In a footnote, the Inspector General’s office adds, “The agent stated that he understood that the treatment of the Uighur detainees was either carried out by the Chinese interrogators or was carried out by U.S. military personnel at the behest of the Chinese interrogators.”
“Lawyers who had contact with some three dozen Uighurs held in Guantanamo say the mistreatment went well beyond sleep deprivation and temperature extremes. Those who refused to talk to the Chinese interrogators were placed in solitary confinement. To force cooperation, interrogators warned prisoners that they would be killed or jailed if they were returned to China. The men were subsequently threatened with repatriation by their American jailors if they did not provide information on their fellow detainees.
According to the Center for Constitutional Rights, “Chinese officials told another prisoner that the Defense Department has given the Chinese information the prisoner had previously provided to U.S. interrogators about himself and his family, violating specific promises by U.S. interrogators that they would not provide this information to the Chinese. The Chinese also attempted to photograph this prisoner during the interrogation, and when he resisted, U.S. soldiers forcibly restrained him and held his head so that the Chinese could clearly photograph his face.”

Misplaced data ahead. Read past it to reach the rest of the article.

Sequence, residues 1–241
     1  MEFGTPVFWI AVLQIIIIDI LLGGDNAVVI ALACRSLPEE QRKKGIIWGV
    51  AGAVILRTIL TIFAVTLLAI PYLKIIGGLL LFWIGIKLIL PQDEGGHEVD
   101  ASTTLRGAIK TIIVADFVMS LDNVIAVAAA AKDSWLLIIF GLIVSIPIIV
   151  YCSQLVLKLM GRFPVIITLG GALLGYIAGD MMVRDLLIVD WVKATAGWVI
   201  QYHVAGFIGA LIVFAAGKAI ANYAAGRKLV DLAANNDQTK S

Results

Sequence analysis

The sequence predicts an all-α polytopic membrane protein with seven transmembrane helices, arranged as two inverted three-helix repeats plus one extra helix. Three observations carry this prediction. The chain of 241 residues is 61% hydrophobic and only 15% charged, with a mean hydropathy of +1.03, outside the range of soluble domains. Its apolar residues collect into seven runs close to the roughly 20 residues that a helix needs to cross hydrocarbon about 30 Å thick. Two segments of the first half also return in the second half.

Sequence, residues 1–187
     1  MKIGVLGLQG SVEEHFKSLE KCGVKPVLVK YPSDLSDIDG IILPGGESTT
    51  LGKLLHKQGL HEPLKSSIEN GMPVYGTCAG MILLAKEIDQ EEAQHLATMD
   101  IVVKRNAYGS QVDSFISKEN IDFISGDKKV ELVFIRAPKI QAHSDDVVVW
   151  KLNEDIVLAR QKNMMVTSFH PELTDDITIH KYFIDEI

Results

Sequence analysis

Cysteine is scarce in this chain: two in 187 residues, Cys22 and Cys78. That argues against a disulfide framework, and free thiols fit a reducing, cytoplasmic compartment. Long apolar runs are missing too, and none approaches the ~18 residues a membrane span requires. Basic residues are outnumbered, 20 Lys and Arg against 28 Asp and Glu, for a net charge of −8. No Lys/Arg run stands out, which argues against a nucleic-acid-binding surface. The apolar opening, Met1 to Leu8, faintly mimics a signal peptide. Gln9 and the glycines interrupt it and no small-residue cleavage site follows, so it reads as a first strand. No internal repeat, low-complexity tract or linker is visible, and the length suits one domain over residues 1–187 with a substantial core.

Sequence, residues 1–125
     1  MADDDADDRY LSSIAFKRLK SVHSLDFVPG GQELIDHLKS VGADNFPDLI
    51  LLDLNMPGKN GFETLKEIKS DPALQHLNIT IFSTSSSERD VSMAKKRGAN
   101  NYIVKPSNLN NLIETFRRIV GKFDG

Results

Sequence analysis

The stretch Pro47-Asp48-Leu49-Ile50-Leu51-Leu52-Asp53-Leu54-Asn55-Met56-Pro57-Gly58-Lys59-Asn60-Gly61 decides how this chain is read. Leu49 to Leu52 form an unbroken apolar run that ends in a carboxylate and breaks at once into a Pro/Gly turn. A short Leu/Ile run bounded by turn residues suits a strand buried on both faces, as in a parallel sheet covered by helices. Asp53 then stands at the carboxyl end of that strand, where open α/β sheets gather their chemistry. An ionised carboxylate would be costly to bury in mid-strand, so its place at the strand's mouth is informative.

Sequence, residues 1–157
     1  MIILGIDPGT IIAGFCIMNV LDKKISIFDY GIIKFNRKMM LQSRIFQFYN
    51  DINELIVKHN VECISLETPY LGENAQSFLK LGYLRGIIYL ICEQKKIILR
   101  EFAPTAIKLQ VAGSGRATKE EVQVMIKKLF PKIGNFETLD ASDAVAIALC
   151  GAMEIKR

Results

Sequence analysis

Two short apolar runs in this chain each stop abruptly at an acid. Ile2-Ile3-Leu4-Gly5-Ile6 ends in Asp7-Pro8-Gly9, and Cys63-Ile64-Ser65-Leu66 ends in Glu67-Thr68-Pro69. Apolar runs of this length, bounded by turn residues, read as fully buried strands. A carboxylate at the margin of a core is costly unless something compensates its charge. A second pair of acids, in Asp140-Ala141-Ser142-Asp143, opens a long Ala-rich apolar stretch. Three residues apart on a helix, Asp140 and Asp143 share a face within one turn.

At a hearing of the House Foreign Affairs Committee this month, Representatives Dana Rohrabacher (R-California) and Bill Delahunt (D-Massachusetts) lambasted the administration for allowing Chinese interrogators into Guantanamo, and demanded that the Uighurs be released, apologized to, and compensated for any mistreatment. It has long since become clear that the imprisoned Uighurs are not terrorists. And yet despite a federal judge’s ruling that their continued imprisonment is unlawful, 17 of them remain in prison in Guantanamo.